Sale of the Marital Estate in New York

One of many issues which must be dealt with when getting divorced is what to do with the marital estate.  For purposes of this article, we are going to assume the martial estate was purchased during the marriage from marital funds.  Future posts will deal with a marital estate that was either originally separate property or separate property was used to purchase the estate.

The marital estate is marital property and must be disposed of in accordance with the Domestic Relations Law.  The first option is to simply sell the home. Once the sale is complete, any profits or losses are to be shared equally between the parties.  If you have been following these posts you know by now that nothing is that simple.  The other option is to have one party buy the other party’s interest.  You simple decide on a fair price and the party wishing to remain in the home must buy the other party’s interest in the home.  Yet another option is to trade your interest in exchange for other marital property or responsibilities.

For instance, we recently had a case where our client, wife, was to retain physical custody of the children.  The husband did not want to pay child support and we were heading straight to a trial.  We began discussing the marital estate.   There was significant equity in the house.  We agreed to have the husband waive his interest in the house in exchange for his child support obligation.  We simply calculated what his child support obligation would be and compared it to his equity in the house.  As both numbers were close, this was a creative way to have the wife keep the marital residence, the children stay in the home they were used to and dispose of the marital estate.

The most challenging aspect of the marital residence is when one party does not want to sell the asset yet wants to be divorced.  Fear not, the house will be sold however if you cannot get the parties to agree, then you must look to the Court for assistance.  In our example, the marital estate is own by the parties as tenants by the entirety.  Therefore, the Court will lack the authority, absent the consent of the parties, to order a sale of the marital estate while the parties are married.   If your spouse stands their ground, the Court can order a sale after you are divorced.  The Court can and will order how the net proceeds or liabilities are to be split.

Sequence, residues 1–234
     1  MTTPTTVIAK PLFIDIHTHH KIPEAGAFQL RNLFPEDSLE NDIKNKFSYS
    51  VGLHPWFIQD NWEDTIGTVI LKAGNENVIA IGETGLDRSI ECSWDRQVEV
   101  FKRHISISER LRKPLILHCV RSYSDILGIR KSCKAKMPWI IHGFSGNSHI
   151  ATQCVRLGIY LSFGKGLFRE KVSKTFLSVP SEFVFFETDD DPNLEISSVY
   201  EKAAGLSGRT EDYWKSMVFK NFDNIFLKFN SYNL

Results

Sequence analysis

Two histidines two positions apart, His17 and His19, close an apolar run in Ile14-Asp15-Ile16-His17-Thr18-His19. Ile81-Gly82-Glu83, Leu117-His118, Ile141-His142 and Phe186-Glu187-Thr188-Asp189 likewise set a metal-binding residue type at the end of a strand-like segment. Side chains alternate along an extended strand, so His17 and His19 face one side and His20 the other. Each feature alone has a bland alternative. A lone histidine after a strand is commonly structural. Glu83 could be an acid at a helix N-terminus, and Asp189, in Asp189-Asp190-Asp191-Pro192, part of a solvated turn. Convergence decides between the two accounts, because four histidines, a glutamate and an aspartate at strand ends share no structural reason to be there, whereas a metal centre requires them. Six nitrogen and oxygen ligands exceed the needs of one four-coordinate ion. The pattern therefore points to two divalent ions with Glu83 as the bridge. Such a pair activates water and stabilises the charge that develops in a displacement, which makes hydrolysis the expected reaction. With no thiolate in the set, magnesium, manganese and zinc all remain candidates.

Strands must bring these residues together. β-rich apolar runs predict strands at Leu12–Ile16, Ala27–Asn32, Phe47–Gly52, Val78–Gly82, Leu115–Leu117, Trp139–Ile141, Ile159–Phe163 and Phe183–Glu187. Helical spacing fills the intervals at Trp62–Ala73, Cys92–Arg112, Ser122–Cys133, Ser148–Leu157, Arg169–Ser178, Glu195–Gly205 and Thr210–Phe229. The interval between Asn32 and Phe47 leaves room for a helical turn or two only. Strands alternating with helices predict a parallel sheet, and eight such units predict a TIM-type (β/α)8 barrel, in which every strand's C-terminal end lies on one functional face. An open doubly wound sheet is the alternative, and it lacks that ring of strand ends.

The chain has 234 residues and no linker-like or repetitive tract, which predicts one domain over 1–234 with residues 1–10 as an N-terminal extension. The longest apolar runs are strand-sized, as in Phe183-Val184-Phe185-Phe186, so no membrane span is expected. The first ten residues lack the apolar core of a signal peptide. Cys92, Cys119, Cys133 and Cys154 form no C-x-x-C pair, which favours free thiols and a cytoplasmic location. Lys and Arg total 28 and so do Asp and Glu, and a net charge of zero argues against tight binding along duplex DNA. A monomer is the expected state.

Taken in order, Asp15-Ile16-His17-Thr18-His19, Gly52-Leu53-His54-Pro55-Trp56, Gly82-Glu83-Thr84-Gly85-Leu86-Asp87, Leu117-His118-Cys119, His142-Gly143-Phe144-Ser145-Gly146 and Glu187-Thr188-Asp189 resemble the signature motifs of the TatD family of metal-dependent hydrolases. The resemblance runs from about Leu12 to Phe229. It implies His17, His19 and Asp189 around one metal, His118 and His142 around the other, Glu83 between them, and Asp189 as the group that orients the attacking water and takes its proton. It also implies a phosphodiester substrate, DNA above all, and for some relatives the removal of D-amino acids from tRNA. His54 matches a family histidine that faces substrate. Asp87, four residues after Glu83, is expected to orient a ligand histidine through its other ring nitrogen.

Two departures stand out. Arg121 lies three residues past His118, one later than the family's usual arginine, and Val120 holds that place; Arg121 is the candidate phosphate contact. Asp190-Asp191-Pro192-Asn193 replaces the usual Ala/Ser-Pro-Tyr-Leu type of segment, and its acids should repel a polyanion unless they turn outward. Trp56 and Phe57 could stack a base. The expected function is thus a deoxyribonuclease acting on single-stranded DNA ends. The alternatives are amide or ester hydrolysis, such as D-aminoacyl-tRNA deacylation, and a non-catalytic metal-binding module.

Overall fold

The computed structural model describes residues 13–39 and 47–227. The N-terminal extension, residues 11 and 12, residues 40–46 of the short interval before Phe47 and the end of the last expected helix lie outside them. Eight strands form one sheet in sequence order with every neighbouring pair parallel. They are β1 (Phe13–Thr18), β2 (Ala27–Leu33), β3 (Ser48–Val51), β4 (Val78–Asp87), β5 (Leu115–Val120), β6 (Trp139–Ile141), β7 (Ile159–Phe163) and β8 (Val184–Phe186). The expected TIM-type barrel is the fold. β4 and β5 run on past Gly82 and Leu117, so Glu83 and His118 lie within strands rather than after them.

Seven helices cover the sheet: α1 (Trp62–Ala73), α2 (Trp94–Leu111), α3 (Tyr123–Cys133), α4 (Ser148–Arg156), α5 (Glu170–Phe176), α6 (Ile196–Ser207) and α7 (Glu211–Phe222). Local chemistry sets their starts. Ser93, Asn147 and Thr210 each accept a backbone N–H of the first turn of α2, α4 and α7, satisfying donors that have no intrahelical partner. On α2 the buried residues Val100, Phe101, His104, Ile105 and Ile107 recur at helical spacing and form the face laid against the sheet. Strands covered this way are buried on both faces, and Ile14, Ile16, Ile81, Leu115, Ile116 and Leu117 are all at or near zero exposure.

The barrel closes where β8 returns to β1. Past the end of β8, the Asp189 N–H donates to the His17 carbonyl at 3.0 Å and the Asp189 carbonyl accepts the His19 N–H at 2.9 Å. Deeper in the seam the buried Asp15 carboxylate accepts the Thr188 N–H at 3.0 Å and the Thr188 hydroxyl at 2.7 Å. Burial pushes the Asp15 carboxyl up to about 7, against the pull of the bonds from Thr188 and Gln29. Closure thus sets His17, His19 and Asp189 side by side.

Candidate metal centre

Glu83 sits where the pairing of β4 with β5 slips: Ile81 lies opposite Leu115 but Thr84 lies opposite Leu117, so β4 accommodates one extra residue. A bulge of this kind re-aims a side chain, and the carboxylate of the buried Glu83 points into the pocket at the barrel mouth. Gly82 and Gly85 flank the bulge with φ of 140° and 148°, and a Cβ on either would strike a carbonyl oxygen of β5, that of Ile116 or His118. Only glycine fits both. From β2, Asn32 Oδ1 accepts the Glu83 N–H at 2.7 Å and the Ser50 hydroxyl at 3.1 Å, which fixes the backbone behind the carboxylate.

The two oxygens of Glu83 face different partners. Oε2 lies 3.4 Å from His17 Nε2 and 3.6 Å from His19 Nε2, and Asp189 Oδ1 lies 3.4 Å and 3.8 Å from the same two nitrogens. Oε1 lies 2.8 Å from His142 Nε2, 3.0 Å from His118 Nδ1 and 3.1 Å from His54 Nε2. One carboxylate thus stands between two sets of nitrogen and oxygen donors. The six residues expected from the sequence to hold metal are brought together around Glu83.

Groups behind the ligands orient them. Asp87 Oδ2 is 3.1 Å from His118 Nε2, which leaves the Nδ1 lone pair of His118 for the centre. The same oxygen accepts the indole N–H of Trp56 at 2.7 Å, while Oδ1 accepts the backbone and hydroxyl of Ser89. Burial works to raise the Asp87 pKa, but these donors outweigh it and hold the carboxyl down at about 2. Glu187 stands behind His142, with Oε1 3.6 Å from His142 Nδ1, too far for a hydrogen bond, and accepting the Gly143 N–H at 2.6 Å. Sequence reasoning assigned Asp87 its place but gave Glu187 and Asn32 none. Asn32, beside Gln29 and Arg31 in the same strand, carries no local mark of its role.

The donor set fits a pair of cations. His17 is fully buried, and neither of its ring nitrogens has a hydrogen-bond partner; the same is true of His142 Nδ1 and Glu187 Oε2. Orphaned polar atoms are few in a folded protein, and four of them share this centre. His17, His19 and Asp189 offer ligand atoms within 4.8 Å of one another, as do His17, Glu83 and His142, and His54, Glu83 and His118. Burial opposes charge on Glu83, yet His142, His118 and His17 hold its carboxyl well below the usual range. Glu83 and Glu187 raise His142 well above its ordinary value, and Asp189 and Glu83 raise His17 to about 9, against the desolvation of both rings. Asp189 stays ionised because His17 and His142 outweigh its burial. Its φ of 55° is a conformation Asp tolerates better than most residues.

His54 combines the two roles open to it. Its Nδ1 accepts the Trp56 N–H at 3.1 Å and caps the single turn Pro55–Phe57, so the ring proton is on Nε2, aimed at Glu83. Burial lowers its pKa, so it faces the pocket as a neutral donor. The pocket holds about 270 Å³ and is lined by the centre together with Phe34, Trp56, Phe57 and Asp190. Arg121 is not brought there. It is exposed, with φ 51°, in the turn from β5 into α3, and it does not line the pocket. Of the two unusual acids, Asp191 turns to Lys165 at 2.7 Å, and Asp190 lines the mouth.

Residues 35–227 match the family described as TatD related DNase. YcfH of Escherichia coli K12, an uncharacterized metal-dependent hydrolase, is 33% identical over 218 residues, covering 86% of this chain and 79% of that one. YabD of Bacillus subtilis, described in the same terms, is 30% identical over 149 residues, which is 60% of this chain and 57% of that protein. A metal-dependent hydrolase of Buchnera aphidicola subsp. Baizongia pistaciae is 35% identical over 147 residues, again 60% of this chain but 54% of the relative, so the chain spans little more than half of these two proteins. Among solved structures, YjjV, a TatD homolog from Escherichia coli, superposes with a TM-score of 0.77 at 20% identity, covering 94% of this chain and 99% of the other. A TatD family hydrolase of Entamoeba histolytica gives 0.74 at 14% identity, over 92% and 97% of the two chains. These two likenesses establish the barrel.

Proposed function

Then there is the hybrid case, where both parties want to sell the house but there are young kids involved.  Another possibility that is often used is to allow the spouse who retains physical custody of the children to remain in the house.  That spouse will be responsible for all the bills related to the marital estate and will agree to indemnify the spouse who is moving out in the event any liabilities relating to the house arise.  Normally in the separation agreement, there is language which provides that the spouse who remains in the house shall pay all bills relating to the estate and that in the event the mortgage is not paid for a certain amount of months, the house will be automatically put up for sale.

Disposing of the marital estate can be complicated and is not as easy as simply selling off the estate.  If you are contemplating divorce and you believe the marital estate may be an issue, contact us immediately to begin preparing your matter.

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